--UPS expects deal to close in fourth quarter
--Company says close will come quickly after EC probe completed
--TNT calls deal certainty "extremely high"
AMSTERDAM--United Parcel Service Inc.'s (UPS) planned acquisition of TNT Express NV (TNTEY, TNTE.AE) is on track to win approval from European regulators in the fourth quarter, executives of both companies contend.
In July, competition officials at the European Commission opened an in-depth probe into the planned 5.16 billion euro ($6.41 billion) acquisition of the Dutch package shipper by UPS. Regulators said they needed more time to review the merger amid potential competition concerns in the markets for small parcel delivery services--in particular international express services--in numerous European member states.
"We're absolutely convinced the deal with UPS will go ahead," TNT Express Supervisory Board Chairman Antony Burgmans said Monday, adding the antitrust review by the EC, the European Union's executive arm, was progressing according to expectations.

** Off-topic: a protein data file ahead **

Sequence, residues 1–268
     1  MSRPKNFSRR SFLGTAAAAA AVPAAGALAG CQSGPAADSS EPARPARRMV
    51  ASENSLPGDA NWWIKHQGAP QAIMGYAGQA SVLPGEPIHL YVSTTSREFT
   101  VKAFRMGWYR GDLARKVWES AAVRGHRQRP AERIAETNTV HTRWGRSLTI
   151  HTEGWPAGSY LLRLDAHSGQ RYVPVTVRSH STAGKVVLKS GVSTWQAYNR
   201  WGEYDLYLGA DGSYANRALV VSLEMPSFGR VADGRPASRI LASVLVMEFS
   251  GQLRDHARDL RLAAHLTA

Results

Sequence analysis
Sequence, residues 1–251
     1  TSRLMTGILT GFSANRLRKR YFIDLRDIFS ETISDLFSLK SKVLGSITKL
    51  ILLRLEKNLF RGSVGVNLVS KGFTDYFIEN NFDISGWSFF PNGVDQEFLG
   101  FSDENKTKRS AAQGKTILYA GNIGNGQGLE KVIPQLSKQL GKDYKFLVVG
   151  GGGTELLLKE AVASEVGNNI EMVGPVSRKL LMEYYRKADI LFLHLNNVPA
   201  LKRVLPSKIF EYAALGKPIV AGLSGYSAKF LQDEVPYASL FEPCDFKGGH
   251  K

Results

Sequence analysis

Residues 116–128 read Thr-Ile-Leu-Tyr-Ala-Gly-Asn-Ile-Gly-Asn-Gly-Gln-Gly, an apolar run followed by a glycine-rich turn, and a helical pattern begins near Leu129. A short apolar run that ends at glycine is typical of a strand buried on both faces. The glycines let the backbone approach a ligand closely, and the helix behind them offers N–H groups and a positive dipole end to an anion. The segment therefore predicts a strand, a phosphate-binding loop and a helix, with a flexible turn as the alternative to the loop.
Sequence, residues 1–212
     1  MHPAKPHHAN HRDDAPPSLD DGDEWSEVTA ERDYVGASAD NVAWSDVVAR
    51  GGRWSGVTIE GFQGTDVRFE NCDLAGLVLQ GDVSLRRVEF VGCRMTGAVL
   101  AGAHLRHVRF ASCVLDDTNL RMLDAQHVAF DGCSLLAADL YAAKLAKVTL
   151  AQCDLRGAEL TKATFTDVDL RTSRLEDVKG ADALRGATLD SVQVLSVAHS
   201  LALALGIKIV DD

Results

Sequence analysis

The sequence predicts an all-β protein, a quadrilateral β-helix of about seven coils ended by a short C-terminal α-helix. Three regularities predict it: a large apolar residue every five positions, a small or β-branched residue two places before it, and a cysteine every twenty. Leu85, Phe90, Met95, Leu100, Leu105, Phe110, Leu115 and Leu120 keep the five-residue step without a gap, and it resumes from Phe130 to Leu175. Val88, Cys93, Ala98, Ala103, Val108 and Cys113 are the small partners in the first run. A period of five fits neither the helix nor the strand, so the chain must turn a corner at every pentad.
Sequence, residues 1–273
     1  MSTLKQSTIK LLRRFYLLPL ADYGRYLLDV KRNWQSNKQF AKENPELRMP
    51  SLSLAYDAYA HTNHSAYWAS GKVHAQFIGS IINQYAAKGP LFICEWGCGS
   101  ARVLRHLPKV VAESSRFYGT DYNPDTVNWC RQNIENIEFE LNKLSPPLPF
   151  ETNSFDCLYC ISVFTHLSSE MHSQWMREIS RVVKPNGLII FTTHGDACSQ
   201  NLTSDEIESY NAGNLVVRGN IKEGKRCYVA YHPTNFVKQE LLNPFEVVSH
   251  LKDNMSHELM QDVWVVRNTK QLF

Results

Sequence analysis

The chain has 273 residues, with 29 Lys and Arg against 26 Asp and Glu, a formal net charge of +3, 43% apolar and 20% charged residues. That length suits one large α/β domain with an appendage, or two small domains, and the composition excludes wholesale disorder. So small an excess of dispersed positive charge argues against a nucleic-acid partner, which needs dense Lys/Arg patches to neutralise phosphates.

UPS executives said in an interview with Dow Jones Newswires last week and in a regulatory filing Friday that they expect the deal, first announced in March, to close in the fourth quarter.
"That it would be complex in Brussels is what we, as well as UPS, had expected," Mr. Burgmans said Monday. But "we believe that we have put together a transaction with UPS for which the deal certainty is extremely high."
UPS initially said it expected to secure regulatory approval following a first-phase review by the EC, which would have enabled it to close in the third quarter. But the opening of the second-stage probe means regulatory clearance has pushed the potential closing into the fourth quarter.
The second-stage review isn't set to be completed until Dec. 12, after regulators extended a Nov. 28 deadline by 10 working days.
UPS spokesman Norman Black said last week the deal is on track to close quickly after the review is completed. He said the 10-day extension stemmed from a request for "administrative convenience" from regulators, rather than a need for extra scrutiny, and both UPS and TNT agreed to it.
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